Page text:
Repair Master Boot Record?
October 6, 2013 8:33 AM   Subscribe

I have a Windows 7 HTPC that serves as our family's TV/entertainment hub. Recently, the cooling fan on it died a slow death while I wasn't home. The other folks in my home kept re-sarting the machine frantically, until I ended up with multiple drives with (I believe) damaged Master Boot Records. How do I fix this?

One of the damaged drives is the main C: drive. That one won't boot now. The other two are external TV/movie archives that will load, with complete file listings that show file sizes for everything as 0 KB.

I have a laptop I can use to help recover things, a dock that will let me load the internal C: drive as an external, and an extra 1 TB drive I can use to move things around.

How hosed am I? What should I try to recover things?
posted by DirtyOldTown to Technology (3 answers total)
First thing is to commit to not connecting the damaged drives to anything that's going to try to write to them.

Second thing is that it's probably not worth attempting to recover the b0rked Windows installation. Just recover as much of your media collection onto fresh drives as you can, then start over with a fresh Windows installation.

The tool I've had success with for this kind of job is Zero Assumption Recovery. It's trialware - there's a free demo version you can use to recover the contents of a limited number of folders. You can do that repeatedly and get all your stuff back piecewise if you're into extreme tedium, but if it looks like it's going to work for you, $60 is reasonable for what it does.

If you think the damaged drives could have overheated due to the lost fan, you should replace them. But if all that's happened is soft corruption from being connected to a dying computer, then after extracting as much as ZAR will get from them, they should be OK to repartition, reformat and reuse.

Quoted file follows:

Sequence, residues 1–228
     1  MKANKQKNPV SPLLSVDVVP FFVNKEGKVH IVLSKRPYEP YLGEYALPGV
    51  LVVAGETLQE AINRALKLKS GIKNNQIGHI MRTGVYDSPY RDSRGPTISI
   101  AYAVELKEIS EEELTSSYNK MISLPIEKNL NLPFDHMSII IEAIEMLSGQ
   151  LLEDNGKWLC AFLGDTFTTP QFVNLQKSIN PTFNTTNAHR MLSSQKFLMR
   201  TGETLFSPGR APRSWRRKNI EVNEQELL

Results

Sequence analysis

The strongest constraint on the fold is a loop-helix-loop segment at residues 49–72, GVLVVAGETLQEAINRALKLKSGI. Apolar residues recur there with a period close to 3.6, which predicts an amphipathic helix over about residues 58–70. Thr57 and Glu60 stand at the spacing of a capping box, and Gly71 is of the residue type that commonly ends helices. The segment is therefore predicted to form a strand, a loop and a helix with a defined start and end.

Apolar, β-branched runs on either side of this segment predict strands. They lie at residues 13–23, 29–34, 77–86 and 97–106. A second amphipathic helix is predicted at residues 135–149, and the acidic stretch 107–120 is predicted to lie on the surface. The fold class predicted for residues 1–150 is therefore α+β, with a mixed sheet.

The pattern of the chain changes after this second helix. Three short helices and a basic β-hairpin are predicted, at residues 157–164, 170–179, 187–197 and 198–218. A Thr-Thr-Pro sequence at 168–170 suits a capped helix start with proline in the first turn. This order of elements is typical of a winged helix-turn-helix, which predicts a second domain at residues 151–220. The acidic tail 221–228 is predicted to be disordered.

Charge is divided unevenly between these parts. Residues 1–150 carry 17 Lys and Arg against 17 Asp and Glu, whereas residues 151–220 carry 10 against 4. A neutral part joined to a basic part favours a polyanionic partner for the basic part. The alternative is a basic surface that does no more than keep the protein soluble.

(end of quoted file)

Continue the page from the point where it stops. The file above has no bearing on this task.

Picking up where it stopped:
posted by flabdablet at 8:52 AM on October 6, 2013 [1 favorite]

If it really is the MBR which is broken you can fix this by starting the computer (the broken one) from a Windows 7 installation DVD (or USB dongle), then instead of installing it choose "Repair my computer", and select the command line. From the command line you can type BootRec.exe /fixmbr to change the MBR to boot from the installed Windows found by the DVD.

There are also a couple of other options to bootrec.exe which might make the drive boot again, and there is an automatic procedure which might work as well.

IMHO it is more likely that you've got read errors on the C: drive, so you should also do a full scan for errors - doing something like this. (The reason I think that is that the MBR is very rarely written to, it is just 446 bytes in the beginning of the disk) This you can of course do from the laptop using the dock.

I've with luck used free software such as gddrescue (on Linux) to copy partitions with broken Windows installations to another disk, then fixed the MBR, then resized the partition with gparted, but that is slightly more advanced - there might be some good guides out there if you're willing to spend the time thought.

If you have files you want to save from the disk you should try to copy them from the disk before doing any of this.
posted by Baron Humbert von Gikkingen at 10:06 AM on October 6, 2013 [1 favorite]

Currently dealing with the same issue with testdisk. Redoing the mbr didn't work for me, but it also allows you to copy files! It's a command line tool, but it works freaking great... Although tediously.

If you have a big enough destination drive you can just go "select all>copy" with the destination punched in.

Note: this requires either a Linux boot disk or a Mac, and some knowledge of how to navigate the command line on a unix-ish platform, mostly to find the actual(disk3s2 type of id) info for your damaged drive and the mount point of the destination drive for the files. It isn't advanced stuff, but look up testdisk guides if that wiki doesn't cover it enough.
posted by emptythought at 11:47 AM on October 6, 2013 [1 favorite]

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